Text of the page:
A girl named Chandler is at gymnastics practice one day when something surprising but inevitable happens: she gets her period, at an especially vulnerable and revealing moment.
But when she reaches out for help from her older sister, her sister can’t quite pull herself away from her new boyfriend Tyler. Chandler then must find her own way through this tough moment, searching for some kind of connection wherever she can find it.
Writer-director Julia Kennelly’s short drama is a frank yet heartfelt coming-of-age tale about what it means to be a young girl navigating the increasingly choppy waters of becoming a woman. Its approach to drama is subtle, focusing on what’s not being said as much as the action, and the moments captured are alive to Chandler’s inner life: her anxieties, pleasures, observations and longings.
Delicate and beautiful lighting and sensitive hand-held cinematography create a world that feels both current and nostalgic at the same time — almost as if this moment in Chandler’s life is already taking on the poignancy and tenderness of memory, even as it unfurls in her present. It’s almost as if Chandler is sending herself to the future, trying to remember a strange, poignant moment in her young life.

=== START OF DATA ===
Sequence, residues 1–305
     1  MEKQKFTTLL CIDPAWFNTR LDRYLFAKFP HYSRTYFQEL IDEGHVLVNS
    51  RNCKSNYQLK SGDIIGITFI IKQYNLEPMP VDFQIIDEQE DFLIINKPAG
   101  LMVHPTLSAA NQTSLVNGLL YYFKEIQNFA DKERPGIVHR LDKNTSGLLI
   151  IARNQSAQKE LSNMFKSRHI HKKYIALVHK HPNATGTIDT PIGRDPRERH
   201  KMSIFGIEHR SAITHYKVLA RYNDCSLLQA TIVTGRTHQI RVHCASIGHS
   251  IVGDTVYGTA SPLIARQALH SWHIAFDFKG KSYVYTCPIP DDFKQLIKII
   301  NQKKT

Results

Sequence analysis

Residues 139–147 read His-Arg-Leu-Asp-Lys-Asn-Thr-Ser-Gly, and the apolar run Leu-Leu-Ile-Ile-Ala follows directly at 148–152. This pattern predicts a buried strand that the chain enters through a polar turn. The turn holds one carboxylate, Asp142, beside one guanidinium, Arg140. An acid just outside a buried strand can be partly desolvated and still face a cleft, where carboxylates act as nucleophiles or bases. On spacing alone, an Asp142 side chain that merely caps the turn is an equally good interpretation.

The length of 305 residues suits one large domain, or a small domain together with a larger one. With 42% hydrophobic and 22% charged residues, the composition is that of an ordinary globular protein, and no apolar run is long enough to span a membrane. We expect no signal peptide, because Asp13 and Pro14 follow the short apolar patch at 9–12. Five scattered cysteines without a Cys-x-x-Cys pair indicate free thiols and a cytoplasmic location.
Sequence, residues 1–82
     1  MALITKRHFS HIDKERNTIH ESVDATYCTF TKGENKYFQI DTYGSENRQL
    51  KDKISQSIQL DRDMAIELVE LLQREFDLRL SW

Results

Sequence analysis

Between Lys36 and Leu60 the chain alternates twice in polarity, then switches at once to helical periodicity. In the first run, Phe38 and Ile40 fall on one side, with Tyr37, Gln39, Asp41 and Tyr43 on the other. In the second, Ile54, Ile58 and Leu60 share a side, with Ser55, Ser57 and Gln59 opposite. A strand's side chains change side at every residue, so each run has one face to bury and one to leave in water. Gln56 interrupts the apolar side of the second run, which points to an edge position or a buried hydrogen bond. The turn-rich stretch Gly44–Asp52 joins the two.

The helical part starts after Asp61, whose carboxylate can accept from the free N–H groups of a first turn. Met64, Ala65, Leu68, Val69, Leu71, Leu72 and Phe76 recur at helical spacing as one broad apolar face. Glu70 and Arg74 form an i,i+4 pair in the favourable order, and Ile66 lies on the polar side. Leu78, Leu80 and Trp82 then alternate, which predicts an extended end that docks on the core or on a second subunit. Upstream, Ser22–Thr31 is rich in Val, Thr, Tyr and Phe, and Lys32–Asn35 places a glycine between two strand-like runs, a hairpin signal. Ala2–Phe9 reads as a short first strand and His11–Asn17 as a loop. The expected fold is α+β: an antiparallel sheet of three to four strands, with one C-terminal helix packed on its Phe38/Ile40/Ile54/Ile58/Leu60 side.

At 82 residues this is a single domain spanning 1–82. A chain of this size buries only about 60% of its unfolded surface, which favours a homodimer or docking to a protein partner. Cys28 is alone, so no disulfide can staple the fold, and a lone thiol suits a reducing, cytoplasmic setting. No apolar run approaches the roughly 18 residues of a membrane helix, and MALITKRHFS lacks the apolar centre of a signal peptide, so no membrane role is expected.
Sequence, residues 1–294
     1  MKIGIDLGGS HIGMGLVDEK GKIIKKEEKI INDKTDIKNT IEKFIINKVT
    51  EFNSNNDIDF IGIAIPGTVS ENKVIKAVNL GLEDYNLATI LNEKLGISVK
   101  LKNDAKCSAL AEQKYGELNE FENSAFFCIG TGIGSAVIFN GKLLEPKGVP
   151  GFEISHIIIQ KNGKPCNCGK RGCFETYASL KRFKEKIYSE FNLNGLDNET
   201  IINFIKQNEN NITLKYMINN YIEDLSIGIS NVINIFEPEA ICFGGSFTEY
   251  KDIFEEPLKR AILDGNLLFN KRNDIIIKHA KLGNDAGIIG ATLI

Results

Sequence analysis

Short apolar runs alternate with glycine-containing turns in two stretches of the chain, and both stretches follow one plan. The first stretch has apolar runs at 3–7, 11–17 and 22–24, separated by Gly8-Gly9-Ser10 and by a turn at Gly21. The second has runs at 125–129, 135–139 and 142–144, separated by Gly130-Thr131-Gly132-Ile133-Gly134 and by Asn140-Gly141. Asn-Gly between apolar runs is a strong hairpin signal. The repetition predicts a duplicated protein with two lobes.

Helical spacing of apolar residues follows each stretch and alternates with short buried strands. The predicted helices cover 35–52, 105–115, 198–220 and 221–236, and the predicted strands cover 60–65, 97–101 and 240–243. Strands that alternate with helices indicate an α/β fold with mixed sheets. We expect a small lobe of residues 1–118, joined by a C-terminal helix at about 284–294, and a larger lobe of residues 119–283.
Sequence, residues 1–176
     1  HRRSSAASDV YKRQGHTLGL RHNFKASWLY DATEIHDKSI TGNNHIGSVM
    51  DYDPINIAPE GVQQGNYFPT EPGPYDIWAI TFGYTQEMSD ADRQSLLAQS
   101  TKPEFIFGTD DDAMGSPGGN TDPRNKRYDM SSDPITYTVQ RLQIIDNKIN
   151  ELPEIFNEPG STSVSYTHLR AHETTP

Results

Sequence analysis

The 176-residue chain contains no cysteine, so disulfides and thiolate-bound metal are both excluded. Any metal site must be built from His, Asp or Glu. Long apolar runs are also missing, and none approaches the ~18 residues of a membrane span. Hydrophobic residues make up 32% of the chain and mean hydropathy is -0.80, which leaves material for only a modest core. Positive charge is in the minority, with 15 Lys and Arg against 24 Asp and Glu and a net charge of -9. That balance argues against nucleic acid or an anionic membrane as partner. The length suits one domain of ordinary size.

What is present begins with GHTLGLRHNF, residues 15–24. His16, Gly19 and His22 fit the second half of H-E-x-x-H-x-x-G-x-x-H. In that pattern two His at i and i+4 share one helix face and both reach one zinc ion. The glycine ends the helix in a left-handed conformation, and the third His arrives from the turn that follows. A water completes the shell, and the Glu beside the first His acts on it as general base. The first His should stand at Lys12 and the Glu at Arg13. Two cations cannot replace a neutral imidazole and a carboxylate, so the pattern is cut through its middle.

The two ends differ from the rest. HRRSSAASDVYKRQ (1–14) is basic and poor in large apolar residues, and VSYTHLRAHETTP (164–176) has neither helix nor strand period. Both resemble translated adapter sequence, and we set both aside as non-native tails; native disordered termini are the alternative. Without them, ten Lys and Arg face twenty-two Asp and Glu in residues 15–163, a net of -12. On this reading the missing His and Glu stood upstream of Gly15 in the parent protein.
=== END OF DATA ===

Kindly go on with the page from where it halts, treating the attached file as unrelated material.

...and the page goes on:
The film has a strong foundation in Kennelly’s perceptive, tender script, which feature finely drawn characters and relationships filled with both great longing and resentment. The writing is brought to life by beautifully calibrated performances, particularly by young lead actress Zephyr Ingle, who captures what it feels like to be at the margins of your own life — and what she feels she must do to reclaim her central place in it. Chandler is a remarkably quiet lead character, but the film is alive to the unspoken undercurrents of her emotional life, and it’s these inchoate feelings that guide her to take action.
Chandler may be a young girl, but with her curiosity, intelligence and sensitivity, she isn’t just a passive recipient of ideas of what it means to be a woman. For better or worse, she tries to reclaim some agency in her life — to feel visible, seen and witnessed. “Chandler” captures the moment this young girl arrives at a potentially perilous precipice in her life, ready to take flight — even when saddled with the baggage of loneliness, fragmented support systems and societal ideas of femininity.